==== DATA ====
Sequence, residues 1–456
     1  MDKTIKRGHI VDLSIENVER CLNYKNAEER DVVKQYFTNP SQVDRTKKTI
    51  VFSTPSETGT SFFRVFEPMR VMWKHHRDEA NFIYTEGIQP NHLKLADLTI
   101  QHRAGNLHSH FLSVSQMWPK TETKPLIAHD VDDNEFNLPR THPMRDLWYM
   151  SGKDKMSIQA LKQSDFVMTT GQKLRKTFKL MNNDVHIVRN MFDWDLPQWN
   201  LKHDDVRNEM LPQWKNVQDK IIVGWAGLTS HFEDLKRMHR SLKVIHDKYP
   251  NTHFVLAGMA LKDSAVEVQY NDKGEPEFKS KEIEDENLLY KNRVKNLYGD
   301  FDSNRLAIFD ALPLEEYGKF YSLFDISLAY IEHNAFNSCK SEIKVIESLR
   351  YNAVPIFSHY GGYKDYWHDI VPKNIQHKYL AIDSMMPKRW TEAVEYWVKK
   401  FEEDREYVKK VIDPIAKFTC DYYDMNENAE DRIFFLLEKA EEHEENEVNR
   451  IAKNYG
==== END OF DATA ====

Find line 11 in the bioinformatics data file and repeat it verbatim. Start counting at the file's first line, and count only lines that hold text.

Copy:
   451  IAKNYG